The fact that Gentiles accepted the gospel in large numbers and soon outnumbered the Jewish followers of Jesus complicated things further. The issue of how the Law applied under the New Covenant occupies a central place in the religious debates within the Church of the first century. The central place that the temple and Jerusalem occupied in the religious life was largely resolved (a) by the destruction of the temple in AD70 and (b) by the teachings of the apostle Paul which brought clarity to the relationship of the old covenant and the new. The Jewish Christians who identified with the catholic (universal) church were no longer primarily identified as Jews because they were included with Gentile believers into the new covenant church of Jesus Christ of which the apostle Paul taught that there is neither Jew nor Greek for they were all one in Christ (Romans 10:12; Galatians 3:28; Colossians 3:11). The concept of the “Christian race” in the early Church included all who were joined together in the bond of a common faith. There were some Jewish groups who believed that Jesus was the Messiah (though some denied his divinity), but who refused communion with Gentile Christians who did not keep the Law.(4)They were not regarded as members of the Church and they gradually disappeared over the first few centuries.

The book of Revelation was written to encourage the believers who were enduring intense suffering through the persecutions instigated by the Synagogue. It was in this context that Jesus spoke of those who “say they are Jews and are not, but are a synagogue of Satan” (Rev. 2:9) meaning that they no longer belonged to the assembly of true worshippers but to the assembly of the accuser of the brethren. Paul refers to them in his letter to the Thessalonians as being hostile to all men in trying to prevent him from preaching the gospel to the Gentiles (1 Thessalonians 2:14-15). Ishmael and Isaac were both Semites and children of Abraham, but Ishmael persecuted Isaac. Ironically, Paul figuratively compared the persecution of Isaac by Ishmael with the persecution of Christians by those who were Jews by natural descent but who were not acting in faithfulness to the LORD of the covenant.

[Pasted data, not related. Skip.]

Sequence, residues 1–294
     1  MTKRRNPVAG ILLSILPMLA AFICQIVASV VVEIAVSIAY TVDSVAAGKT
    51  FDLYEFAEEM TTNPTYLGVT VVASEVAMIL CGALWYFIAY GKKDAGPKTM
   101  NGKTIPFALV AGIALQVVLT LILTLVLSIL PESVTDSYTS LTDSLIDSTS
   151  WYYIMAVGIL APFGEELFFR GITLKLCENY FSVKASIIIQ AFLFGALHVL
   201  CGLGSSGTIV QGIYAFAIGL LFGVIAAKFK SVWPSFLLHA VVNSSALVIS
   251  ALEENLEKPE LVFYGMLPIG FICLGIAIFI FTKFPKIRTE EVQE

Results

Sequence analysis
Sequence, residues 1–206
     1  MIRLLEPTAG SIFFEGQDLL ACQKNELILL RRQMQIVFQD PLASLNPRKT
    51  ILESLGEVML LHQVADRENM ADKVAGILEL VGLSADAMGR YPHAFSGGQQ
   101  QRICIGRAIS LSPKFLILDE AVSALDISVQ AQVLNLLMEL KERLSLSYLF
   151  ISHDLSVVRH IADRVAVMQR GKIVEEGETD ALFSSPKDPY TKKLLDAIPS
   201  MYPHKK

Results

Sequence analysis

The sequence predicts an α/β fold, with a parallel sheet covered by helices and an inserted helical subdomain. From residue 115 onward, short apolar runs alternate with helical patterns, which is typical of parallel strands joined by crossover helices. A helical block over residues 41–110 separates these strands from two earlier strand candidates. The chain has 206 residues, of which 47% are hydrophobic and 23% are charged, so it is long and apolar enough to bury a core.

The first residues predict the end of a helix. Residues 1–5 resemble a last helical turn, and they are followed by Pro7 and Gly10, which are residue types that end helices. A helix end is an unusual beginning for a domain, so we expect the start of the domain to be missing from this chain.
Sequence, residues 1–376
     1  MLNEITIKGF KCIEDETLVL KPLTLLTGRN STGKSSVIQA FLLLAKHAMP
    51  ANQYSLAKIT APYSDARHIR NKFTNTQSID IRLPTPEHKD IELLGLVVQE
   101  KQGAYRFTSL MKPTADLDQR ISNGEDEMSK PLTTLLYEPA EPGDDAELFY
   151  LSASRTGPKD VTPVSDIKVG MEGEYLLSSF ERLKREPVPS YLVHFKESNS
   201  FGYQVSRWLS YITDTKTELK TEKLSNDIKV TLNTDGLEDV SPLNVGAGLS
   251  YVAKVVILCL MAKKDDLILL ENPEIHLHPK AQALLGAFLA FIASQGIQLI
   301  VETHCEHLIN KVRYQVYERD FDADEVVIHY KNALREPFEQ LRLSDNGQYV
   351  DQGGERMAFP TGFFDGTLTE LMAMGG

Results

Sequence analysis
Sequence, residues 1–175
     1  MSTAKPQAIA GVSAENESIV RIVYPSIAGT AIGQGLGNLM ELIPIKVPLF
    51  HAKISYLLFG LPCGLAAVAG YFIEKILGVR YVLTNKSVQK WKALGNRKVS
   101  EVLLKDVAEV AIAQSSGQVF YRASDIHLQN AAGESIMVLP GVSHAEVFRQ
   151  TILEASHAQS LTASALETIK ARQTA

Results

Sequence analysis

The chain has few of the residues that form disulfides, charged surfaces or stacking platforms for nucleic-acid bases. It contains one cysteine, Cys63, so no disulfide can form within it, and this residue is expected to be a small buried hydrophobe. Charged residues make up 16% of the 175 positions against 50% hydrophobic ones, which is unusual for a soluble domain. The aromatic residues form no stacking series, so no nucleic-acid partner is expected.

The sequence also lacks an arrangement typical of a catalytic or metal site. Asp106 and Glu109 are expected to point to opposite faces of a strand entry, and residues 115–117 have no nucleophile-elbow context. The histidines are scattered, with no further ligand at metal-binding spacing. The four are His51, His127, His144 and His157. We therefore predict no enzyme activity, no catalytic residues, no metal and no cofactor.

Now you, brothers, like Isaac, are children of promise. At that time the son born in the ordinary way persecuted the son born by the power of the Spirit. It is the same now. But what does the Scripture say? “Get rid of the slave woman and her son, for the slave woman’s son will never share in the inheritance with the free woman’s son.” Therefore, brothers, we are not children of the slave woman, but of the free woman (Galatians 4:28-31).

Under the old covenant provision was made for Gentiles to convert to the faith of Israel. Jacob Katz notes in his book, that Rabbi Mordecai Jaffe (1530-1612) prefaced the section on proselytes in his halakhic compendium with the words:

“Our scholars have said that it may be assumed that in the case of the proselyte who, on becoming a Jew, has accepted the yoke of the Torah and the commandments and the yoke of the Kingdom of Heaven, there is planted in him a holy spirit and a new soul from high, and he becomes another man; and that it was as if he was created and born anew on that day, as if his entire former life had never been.”(5)

The Scriptures, however, teach that all people, regardless of whether they are born Jew or Gentile, have sinned and are dead in their sins and transgressions and need to be born anew. This is a fundamental difference between Church and Synagogue. Judaism differs radically in its conception of man. While the Church emphasises man’s fall Judaism emphasises the essential goodness of man. Jocz comments:

“Before the cross not only the heathen stranger but also the pious Jew stood condemned and in need of pardon. It is for this reason that the Cross was to the Jew an offense. The complete levelling down of Jew and Gentile was an outrageous act of insolence in the eyes of the Synagogue. There can be no equality between the Chosen People and the pagans.”(6)